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Many Metrics. Such Data. Wow.

[ Crossref Labs loves to be the last to jump on an internet trend, so what better than than to combine the Doge meme with altmetrics? Note: The API calls below have been superceeded with the development of the Event Data project. See the latest API documentation for equivalent functionality Want to know how many times a Crossref DOI is cited by the Wikipedia? http://det.labs.crossref.org/works/doi/10.1371/journal.pone.0086859 Or how many times one has been mentioned in Europe PubMed Central?

Introductory Signals

So while doing some background reading today I realized that legal citations already widely support a form of “citation typing” in the form of “Introductory Signals“. The 10 introductory signals break down as follows… In support of an argument:  1) [no signal]. (NB that, apparently, this is increasingly deprecated.)  2) accord;  3) see;  4) see also;  5) cf.; For Comparisons:  6) compare … with …;

Citing Data Sets

Crossref

thammond – 2007 March 30

In CitationData

This D-Lib paper by Altman and King looks interesting: “A Proposed Standard for the Scholarly Citation of Quantitative Data”. (And thanks to Herbert Van de Sompel for drawing attention to the paper.) Gist of it (Sect. 3) is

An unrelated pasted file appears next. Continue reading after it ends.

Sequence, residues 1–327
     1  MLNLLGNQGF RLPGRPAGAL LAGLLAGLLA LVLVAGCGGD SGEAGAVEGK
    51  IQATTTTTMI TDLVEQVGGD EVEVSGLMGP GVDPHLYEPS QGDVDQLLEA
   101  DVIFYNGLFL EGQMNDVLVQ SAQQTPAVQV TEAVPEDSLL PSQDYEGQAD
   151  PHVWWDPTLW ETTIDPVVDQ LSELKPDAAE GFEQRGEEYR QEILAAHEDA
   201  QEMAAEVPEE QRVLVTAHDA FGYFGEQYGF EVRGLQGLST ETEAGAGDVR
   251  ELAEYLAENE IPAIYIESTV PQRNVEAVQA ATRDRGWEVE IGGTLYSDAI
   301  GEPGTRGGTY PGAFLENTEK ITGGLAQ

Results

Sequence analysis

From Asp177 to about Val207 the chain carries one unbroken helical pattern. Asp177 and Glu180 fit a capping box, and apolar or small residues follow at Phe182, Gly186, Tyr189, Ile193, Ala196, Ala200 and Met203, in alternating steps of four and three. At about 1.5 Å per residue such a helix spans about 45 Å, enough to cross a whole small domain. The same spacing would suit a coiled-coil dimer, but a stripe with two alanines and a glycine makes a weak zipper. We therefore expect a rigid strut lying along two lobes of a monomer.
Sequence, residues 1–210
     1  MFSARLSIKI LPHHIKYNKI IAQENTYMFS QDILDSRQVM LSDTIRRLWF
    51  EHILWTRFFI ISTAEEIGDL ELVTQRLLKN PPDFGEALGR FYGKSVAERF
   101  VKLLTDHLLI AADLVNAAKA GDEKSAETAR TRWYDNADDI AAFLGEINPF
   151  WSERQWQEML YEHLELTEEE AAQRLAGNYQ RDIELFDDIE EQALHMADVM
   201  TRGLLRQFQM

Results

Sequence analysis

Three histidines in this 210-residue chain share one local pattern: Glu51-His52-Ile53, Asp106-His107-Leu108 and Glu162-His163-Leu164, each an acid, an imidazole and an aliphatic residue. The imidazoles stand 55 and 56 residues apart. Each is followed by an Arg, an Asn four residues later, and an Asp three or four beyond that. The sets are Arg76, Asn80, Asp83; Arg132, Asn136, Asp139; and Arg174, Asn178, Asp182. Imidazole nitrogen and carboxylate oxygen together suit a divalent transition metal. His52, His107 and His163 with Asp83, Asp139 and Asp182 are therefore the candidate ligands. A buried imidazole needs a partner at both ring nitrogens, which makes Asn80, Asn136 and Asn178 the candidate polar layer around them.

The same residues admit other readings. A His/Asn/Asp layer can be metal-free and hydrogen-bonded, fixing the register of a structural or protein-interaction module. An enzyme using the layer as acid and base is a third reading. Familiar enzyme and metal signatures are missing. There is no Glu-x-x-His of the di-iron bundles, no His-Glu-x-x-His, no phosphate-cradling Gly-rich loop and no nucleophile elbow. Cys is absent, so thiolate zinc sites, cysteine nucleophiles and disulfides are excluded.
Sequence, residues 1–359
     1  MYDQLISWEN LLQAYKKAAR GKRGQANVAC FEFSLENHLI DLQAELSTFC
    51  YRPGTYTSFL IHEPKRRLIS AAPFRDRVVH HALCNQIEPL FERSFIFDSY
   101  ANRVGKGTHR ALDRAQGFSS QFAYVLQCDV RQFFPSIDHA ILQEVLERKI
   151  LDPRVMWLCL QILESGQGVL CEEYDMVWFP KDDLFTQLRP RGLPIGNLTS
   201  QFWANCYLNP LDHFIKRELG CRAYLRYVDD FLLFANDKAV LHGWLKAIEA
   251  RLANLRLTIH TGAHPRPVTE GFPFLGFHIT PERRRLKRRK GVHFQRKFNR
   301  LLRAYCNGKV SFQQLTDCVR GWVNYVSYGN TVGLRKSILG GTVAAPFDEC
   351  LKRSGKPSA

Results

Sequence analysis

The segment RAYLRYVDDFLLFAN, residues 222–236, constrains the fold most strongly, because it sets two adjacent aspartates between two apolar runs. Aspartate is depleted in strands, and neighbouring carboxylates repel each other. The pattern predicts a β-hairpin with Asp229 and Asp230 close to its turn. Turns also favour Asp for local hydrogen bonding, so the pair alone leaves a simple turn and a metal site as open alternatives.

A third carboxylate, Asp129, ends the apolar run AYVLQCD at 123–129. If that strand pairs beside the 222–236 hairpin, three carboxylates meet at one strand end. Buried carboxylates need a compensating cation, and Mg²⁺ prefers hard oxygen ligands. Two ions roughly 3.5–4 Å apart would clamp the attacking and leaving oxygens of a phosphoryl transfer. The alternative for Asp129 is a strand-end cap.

_“We propose that citations to numerical data include, at a minimum, six required components. The first three components are traditional, directly paralleling print documents. … Thus, we add three components using modern technology, each of which is designed to persist even when the technology changes: a unique global identifier, a universal numeric fingerprint, and a bridge service. They are also designed to take advantage of the digital form of quantitative data.

An example of a complete citation, using this minimal version of the proposed standards, is as follows:

**Micah Altman; Karin MacDonald; Michael P. McDonald, 2005, “Computer Use in Redistricting”,

hdl:1902.1/AMXGCNKCLU UNF:3:J0PkMygLPfIyT1E/8xO/EA==

http://id.thedata.org/hdl%3A1902.1%2FAMXGCNKCLU**

“_

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